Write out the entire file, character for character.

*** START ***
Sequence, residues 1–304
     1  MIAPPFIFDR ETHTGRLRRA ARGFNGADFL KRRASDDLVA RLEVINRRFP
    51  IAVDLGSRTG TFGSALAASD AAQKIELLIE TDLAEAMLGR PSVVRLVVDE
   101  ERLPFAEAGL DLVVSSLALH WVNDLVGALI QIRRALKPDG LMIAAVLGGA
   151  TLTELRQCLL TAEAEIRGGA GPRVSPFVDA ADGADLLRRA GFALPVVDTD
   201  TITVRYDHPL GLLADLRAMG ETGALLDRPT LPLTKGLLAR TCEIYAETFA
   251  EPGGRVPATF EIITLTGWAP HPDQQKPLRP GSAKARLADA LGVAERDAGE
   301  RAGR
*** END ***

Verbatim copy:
Sequence, residues 1–304
     1  MIAPPFIFDR ETHTGRLRRA ARGFNGADFL KRRASDDLVA RLEVINRRFP
    51  IAVDLGSRTG TFGSALAASD AAQKIELLIE TDLAEAMLGR PSVVRLVVDE
   101  ERLPFAEAGL DLVVSSLALH WVNDLVGALI QIRRALKPDG LMIAAVLGGA
   151  TLTELRQCLL TAEAEIRGGA GPRVSPFVDA ADGADLLRRA GFALPVVDTD
   201  TITVRYDHPL GLLADLRAMG ETGALLDRPT LPLTKGLLAR TCEIYAETFA
   251  EPGGRVPATF EIITLTGWAP HPDQQKPLRP GSAKARLADA LGVAERDAGE
   301  RAGR